11. confessions

    [ Surely it’s the party’s values and aspirations for Australians that is more important? ]

    When the party itself obviously has none, those of the leader must suffice.

    Sadly, Mal the Magnificent has no aspirations for anyone other than himself either.

  12. [On a serious note however it is troubling when people place so much stock on who leads a political party. Surely it’s the party’s values and aspirations for Australians that is more important?]

    YES. a very loud and resounding YES

  13. Yes it’s always funny when today’s Liberals like Abbott and Howard talk about Menzies in a way as if he’d be welcome in today’s Liberal partyroom.

    History tends to grow its own rose-tinted glasses!

  14. fess

    [True. On a serious note however it is troubling when people place so much stock on who leads a political party.]

    I like Gillard question the Americanisation of our society on that one.

  15. @Confessions/625

    Its also obvious that Media Watch also supports Trump because they gave publicity of Murdoch Paper (Daily Terror) on this very subject.

  16. William in today’s Crikey on the future of PUP and its Senators elected at the last election, even though they have since parted terms:

    [Family First and the Democratic Labour Party may have won Senate seats with as little as 2% to 3% of the vote, but the truly freakish results turned up by the group voting ticket system have been to the advantage of parties who are harder to place on the ideological spectrum.

    Certainly that applies to Ricky Muir, whose share of the vote in Victoria at the 2013 election was 0.5%; it very nearly applied to Wayne Dropulich of the Australian Sports Party, which came within an ace of being declared a winner in the original Western Australia Senate contest despite polling only 0.2%; and it could be said of the Outdoor Recreation Party and Reform the Legal System, which won seats in the New South Wales Legislative Council from 1% of the vote or less before the system there was reformed in 2003.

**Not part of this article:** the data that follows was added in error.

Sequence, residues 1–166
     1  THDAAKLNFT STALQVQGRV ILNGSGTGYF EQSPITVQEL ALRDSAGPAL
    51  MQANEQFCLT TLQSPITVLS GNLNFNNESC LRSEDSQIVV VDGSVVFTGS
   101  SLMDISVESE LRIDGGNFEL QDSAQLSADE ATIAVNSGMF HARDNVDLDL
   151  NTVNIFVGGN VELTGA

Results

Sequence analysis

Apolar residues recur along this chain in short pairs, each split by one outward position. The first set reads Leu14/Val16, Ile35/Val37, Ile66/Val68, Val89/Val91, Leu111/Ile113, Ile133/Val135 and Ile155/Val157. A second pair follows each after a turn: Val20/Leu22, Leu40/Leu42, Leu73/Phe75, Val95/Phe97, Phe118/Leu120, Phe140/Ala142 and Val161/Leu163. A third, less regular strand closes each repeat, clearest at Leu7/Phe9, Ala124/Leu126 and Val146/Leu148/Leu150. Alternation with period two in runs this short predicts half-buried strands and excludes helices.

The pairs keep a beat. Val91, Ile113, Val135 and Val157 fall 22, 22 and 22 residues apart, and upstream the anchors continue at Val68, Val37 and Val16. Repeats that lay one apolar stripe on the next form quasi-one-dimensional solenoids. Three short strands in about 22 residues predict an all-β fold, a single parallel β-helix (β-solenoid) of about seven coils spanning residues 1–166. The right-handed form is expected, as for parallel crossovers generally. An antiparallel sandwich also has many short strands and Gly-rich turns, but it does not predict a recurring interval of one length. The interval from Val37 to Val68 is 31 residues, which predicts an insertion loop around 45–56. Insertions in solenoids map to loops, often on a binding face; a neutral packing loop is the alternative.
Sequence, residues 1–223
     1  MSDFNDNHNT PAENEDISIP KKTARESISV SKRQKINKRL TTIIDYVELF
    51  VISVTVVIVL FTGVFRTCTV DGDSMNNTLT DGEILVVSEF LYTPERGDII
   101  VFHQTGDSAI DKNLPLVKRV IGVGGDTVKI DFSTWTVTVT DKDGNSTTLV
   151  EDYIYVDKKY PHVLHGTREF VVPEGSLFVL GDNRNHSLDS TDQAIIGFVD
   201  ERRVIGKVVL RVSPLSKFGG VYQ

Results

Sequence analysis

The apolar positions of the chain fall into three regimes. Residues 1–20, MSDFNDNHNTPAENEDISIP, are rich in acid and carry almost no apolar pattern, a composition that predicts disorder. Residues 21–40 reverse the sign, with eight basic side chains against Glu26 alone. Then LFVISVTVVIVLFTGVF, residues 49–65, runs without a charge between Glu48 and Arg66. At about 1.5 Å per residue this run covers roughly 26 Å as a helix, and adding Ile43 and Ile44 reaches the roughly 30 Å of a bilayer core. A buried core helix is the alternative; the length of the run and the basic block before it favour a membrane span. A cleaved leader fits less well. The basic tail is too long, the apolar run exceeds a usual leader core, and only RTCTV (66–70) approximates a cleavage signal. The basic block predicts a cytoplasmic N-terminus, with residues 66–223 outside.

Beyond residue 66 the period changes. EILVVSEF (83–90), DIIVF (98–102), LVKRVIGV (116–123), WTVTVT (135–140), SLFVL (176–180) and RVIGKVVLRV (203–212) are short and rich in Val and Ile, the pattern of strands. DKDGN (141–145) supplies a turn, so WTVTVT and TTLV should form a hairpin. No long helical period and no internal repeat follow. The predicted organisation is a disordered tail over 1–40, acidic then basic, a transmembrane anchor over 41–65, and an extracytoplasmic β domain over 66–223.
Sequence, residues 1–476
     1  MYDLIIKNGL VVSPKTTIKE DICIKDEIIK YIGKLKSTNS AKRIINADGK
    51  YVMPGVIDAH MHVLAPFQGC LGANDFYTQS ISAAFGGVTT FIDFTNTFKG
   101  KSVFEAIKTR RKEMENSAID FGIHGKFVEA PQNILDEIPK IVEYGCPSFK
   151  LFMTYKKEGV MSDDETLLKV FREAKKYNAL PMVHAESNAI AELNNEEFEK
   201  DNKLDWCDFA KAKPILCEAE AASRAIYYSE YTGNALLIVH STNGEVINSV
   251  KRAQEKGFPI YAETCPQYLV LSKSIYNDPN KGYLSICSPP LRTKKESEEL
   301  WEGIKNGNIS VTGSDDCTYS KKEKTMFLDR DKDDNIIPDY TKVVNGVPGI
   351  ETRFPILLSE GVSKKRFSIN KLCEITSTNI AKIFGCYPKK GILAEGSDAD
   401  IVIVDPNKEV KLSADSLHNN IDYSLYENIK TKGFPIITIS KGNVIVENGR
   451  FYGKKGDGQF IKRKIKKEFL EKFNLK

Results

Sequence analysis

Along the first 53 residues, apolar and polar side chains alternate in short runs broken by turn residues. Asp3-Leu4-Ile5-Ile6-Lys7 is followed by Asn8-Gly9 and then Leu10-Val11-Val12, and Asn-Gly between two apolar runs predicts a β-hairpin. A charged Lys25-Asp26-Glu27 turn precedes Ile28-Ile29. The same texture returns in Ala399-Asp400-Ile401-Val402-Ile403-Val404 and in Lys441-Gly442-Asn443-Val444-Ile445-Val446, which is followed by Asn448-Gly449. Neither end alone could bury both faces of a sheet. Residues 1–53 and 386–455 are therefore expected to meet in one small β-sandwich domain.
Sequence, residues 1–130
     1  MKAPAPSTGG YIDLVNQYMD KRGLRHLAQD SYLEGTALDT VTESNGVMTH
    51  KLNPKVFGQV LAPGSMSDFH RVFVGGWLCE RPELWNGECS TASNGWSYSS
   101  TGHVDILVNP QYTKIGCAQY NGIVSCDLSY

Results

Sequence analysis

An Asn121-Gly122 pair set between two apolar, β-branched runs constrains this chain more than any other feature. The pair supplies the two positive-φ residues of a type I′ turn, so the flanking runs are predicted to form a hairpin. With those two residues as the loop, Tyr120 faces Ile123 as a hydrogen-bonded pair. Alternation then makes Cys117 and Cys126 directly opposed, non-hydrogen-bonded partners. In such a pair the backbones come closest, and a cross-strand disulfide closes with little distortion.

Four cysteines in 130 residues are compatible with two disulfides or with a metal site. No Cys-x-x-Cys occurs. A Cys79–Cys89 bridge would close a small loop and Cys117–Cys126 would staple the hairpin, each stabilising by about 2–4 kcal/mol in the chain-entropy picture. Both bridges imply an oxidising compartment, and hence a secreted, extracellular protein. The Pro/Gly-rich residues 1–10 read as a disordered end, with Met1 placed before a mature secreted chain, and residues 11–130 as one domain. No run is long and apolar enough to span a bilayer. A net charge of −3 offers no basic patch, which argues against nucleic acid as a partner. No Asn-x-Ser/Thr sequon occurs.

The reason for this is that micro-parties are generally very happy to boost each other’s chances through their preference allocations — often with the encouragement of entrepreneurs like “preference whisperer” Glenn Druery — but only if the other parties are not explicitly offensive to their own ideology.

    Few had such concerns about Ricky Muir and the Australian Motoring Enthusiast Party, which was able to scoop up votes from everybody from Family First to Help End Marijuana Prohibition.

    That’s an encouraging precedent for the amiable Glenn Lazarus, who has adopted purposefully centrist policy positions and represents a state with a particularly high level of support for fringe parties.

    It’s less good news for Jacqui Lambie, whose potential appeal to the anti-Turnbull right stands to be tempered by her incapacity to draw preferences from the Greens or any other left-of-centre concern.

    The PUP itself was excluded from the preference networks organised by Druery in 2013, as it was seen as one of the bigger players the genuine micro-parties needed to combine their forces against.

    However, now that the party has barely 1% of the national vote to rub together, it could well be able to deal itself in — and in doing so illustrate the perversity of the existing Senate system by benefiting from its own collapse in support.]

  17. 630

    I do not think the current system will survive until the election. I think the Greens and government are likely to be able to come to a deal on ATL/BTL optional preferential.

  18. TBA at 582

    “Who cares if Tony Abbott runs for his seat again.”

    Albeit that he has every right to do so, the real question is whether it is in Australia’s or the Liberal Party’s best interest that he do so? I suspect the majority would suggest not.

  19. 637

    Tony Abbott not running for he seat would, to an extent, stabilise Turnbull`s position in the leadership. That would increase Turnbull`s chances of winning the election and thus be bad for Australia.

  20. [Show full conversation
    10h10 hours ago
    graciegrace ‏@g4gracie2
    @NickRossTech @RichardTuffin not with 60 minutes I hope]

    [Nick Ross
    Nick Ross – ‏@NickRossTech
    @g4gracie2 @RichardTuffin ACA
    2:38 AM – 20 Jan 2016

  21. Leanne O’Donnell ‏@MsLods 3m3 minutes ago

    Leanne O’Donnell Retweeted Comms Alliance

    The Telecommunications Sector Security Reforms is an issue to watch this year. An outline of industry’s concerns:

  22. ‘ Despite talk of a civil war in the NSW Liberal Party, it is now looking increasingly likely that deals will be struck to keep keep Mr Taylor, Mr Kelly and Senator Fierravanti-Wells in place.’

    Read more:–20160120-gma25y.html#ixzz3xmSwtD3g

    Yes, please keep the place fillers and sub par performers in place. 🙂

  23. C@t:

    If Abbott chooses to stick around he becomes the Liberal party’s problem rather than the country’s, as he is a backbencher. 🙂

  24. This one day match between India and Australia in Canberra is as dodgy as all hell.

    ICC and its anti corruption unit will need to investigate. Not sure how much blatant match fixing could be.